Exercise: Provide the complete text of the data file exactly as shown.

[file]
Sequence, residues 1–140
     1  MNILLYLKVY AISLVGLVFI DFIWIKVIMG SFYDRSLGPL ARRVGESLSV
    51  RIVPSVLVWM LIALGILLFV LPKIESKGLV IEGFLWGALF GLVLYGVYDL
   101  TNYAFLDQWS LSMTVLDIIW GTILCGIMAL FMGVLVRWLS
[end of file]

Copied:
Sequence, residues 1–140
     1  MNILLYLKVY AISLVGLVFI DFIWIKVIMG SFYDRSLGPL ARRVGESLSV
    51  RIVPSVLVWM LIALGILLFV LPKIESKGLV IEGFLWGALF GLVLYGVYDL
   101  TNYAFLDQWS LSMTVLDIIW GTILCGIMAL FMGVLVRWLS